Will the 2014 midterms be a wave election?

John Boehner and Harry Reid
(Image credit: (Chip Somodevilla/Getty Images, Mark Wilson/Getty Images))

As Republicans shut down the federal government in early October and took a pummeling in the opinion polls, many Democrats started to talk about the possibility — even the likelihood — that they would take back control of the House of Representatives.

But that narrative crashed as quickly as Healthcare.gov. Republicans said they were vindicated that the Affordable Care Act didn't work and that the federal government had no business running a health care exchange. They started counting the Senate seats they would win by hanging the issue around the necks of Democratic incumbents.

Who's right?

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Political Wire recently talked to political scientist John Sides about his new forecasting model for the 2014 midterm elections. It’s based on historical data going back to 1952 and uses both national indicators and district-level data.

Sides sees no big wave coming and only a small shift of seats in the House, most likely to the Republican side of the aisle. One reason for that: There just aren’t enough toss up seats that Republicans have a chance to win. They won most of those seats during the 2010 wave that brought them control of the House.

Sides acknowledges that it’s early and the result may change in the coming months. But he points out that this type of electoral forecasting doesn’t overreact to news stories like the government shutdown or the bungled ObamaCare rollout. It's an important lesson for anyone reading political news.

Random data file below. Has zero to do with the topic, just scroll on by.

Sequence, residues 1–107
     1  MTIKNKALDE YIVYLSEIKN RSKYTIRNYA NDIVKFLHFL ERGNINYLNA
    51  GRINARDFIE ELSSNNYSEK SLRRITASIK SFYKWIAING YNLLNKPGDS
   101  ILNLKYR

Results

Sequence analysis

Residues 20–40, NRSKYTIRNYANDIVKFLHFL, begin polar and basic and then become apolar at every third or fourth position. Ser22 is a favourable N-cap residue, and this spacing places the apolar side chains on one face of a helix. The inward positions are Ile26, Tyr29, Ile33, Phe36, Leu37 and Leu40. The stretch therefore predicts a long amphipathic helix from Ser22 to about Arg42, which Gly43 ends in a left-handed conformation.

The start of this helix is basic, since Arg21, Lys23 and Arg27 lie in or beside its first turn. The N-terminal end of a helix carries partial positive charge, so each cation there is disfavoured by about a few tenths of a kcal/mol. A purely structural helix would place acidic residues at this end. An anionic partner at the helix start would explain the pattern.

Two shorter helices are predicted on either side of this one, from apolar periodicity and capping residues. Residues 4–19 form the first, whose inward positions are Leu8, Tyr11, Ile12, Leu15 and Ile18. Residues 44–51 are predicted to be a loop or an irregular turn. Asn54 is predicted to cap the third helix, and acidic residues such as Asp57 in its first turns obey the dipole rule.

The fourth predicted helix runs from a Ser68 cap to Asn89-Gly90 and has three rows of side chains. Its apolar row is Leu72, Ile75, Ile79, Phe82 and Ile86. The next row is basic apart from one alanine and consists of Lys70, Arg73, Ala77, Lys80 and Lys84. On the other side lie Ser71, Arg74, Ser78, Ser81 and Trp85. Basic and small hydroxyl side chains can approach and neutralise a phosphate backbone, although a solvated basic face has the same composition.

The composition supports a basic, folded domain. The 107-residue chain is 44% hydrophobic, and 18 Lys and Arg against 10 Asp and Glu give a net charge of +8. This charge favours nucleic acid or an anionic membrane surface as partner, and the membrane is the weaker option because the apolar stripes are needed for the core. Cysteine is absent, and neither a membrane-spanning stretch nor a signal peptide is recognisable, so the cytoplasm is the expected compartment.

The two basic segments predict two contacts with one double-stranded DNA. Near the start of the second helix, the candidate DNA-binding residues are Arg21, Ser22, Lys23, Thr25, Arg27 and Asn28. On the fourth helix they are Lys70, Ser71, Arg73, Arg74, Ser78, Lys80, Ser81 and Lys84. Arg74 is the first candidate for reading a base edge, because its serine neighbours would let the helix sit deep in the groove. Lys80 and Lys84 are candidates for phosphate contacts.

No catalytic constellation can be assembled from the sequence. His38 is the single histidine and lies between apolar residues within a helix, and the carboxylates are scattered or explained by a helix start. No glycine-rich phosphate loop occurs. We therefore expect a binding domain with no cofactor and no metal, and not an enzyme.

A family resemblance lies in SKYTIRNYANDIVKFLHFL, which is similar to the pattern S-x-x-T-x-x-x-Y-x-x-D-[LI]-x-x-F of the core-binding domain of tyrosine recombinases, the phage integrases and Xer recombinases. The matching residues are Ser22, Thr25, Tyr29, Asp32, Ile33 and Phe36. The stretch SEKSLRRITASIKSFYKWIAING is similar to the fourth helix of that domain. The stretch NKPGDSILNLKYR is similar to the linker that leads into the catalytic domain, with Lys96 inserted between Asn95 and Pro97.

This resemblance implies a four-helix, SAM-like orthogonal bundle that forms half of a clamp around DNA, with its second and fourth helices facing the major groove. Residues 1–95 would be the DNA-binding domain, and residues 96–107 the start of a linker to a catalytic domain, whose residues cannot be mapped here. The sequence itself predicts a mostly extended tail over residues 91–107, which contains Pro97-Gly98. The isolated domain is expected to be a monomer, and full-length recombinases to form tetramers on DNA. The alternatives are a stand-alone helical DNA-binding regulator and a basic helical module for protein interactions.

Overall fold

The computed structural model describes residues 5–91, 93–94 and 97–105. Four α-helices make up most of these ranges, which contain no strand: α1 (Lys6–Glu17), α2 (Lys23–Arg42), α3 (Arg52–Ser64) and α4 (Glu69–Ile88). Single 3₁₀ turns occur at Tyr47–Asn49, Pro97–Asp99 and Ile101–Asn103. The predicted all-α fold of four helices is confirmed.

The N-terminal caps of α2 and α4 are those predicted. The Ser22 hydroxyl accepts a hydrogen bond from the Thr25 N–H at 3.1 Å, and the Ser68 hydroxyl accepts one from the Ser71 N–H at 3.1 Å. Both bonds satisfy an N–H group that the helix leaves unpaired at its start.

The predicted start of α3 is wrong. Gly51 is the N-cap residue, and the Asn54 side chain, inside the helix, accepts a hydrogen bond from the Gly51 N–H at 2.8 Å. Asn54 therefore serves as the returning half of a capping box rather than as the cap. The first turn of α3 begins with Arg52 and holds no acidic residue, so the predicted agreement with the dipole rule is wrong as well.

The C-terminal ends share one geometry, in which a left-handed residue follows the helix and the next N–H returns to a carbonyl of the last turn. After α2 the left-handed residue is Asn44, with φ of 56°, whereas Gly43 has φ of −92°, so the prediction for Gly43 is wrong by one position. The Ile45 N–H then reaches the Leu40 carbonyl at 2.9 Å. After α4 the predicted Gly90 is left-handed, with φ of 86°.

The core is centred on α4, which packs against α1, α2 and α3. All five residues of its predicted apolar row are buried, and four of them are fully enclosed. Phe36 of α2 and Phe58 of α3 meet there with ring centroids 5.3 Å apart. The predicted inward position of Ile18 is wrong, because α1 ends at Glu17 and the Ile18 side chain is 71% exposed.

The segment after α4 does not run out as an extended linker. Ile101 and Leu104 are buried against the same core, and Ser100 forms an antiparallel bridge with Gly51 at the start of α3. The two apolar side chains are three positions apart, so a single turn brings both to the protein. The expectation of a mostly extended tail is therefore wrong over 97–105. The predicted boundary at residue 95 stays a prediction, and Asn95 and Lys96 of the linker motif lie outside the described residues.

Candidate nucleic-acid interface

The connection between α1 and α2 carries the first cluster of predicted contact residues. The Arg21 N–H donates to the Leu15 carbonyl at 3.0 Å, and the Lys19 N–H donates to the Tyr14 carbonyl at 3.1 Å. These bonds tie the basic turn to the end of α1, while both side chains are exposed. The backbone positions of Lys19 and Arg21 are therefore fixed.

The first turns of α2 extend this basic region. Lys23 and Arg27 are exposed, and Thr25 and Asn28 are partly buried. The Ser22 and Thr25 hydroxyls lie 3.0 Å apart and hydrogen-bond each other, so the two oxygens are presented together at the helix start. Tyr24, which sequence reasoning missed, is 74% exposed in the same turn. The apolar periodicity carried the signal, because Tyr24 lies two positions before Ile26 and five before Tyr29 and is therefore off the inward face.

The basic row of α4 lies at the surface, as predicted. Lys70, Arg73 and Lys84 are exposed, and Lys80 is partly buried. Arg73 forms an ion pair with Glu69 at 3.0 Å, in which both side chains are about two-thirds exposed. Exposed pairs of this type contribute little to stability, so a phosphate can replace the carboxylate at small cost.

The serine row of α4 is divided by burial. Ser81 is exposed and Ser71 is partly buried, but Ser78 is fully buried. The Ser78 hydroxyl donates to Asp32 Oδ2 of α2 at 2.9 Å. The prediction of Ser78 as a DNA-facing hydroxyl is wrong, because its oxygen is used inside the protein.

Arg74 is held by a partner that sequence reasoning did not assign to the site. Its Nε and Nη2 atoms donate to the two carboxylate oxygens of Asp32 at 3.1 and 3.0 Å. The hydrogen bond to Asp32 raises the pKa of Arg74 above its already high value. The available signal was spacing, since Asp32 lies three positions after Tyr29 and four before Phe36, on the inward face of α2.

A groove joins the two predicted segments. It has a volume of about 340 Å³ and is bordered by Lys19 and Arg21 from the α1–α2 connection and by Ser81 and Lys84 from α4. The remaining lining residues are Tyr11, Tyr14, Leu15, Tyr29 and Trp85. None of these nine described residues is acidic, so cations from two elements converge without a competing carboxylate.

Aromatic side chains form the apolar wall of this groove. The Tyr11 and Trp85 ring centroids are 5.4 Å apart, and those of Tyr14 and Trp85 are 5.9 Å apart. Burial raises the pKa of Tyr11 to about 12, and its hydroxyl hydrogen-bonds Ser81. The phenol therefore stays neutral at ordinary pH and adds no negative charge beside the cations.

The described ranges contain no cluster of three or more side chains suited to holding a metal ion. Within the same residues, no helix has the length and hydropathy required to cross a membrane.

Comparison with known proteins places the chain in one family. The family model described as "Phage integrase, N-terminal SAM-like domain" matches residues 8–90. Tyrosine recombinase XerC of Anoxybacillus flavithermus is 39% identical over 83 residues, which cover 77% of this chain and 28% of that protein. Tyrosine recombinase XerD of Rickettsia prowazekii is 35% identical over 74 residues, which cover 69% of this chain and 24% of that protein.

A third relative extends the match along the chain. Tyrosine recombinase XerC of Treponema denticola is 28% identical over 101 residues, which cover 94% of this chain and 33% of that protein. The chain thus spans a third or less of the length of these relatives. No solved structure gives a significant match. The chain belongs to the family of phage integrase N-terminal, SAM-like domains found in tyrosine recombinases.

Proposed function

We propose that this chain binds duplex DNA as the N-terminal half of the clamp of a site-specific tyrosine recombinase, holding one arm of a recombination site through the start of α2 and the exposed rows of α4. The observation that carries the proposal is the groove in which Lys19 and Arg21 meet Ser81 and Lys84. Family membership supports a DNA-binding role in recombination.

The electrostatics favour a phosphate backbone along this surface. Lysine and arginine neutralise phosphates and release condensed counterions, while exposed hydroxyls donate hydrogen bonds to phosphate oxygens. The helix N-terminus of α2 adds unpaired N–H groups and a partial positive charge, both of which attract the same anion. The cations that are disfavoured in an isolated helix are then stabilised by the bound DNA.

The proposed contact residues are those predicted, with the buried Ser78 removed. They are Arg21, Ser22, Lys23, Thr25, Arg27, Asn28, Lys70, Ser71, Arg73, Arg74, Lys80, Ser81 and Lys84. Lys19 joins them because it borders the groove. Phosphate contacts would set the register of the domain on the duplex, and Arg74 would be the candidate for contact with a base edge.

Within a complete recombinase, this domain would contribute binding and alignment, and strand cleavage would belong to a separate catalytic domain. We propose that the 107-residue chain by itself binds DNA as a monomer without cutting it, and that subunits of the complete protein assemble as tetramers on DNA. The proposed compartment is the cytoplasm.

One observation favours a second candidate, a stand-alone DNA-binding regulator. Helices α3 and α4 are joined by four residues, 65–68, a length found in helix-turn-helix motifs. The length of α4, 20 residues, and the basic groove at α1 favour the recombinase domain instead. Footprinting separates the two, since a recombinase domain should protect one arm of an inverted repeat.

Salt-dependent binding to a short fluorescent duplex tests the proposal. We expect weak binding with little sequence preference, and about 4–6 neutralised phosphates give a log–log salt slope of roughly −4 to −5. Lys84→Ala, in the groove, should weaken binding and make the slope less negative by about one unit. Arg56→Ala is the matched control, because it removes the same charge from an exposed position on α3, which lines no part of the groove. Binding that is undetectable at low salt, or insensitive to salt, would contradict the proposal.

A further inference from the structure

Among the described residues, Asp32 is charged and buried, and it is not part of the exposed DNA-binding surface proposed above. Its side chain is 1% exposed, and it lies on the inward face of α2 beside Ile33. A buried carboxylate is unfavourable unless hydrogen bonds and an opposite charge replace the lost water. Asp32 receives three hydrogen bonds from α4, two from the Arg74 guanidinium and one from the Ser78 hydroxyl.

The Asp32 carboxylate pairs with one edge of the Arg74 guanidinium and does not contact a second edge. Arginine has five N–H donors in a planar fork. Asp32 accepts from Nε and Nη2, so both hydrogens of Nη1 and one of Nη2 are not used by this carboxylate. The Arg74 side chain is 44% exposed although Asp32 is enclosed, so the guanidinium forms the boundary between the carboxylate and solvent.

Listen to the whole interview. It’s fascinating.

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Taegan Goddard

Taegan D. Goddard is the founder of Political Wire, one of the earliest and most influential political websites. He also runs Wonk Wire and the Political Dictionary. Goddard spent more than a decade as managing director and COO of a prominent investment firm in New York City. Previously, he was a policy adviser to a U.S. senator and governor. Goddard is also co-author of You Won — Now What? (Scribner, 1998), a political management book hailed by prominent journalists and politicians from both parties. Goddard's essays on politics and public policy have appeared in dozens of newspapers across the country, including The Washington Post, USA TodayBoston Globe, San Francisco ChronicleChicago Tribune, Philadelphia Inquirer, and Christian Science Monitor. Goddard earned degrees from Vassar College and Harvard University. He lives in New York with his wife and three sons.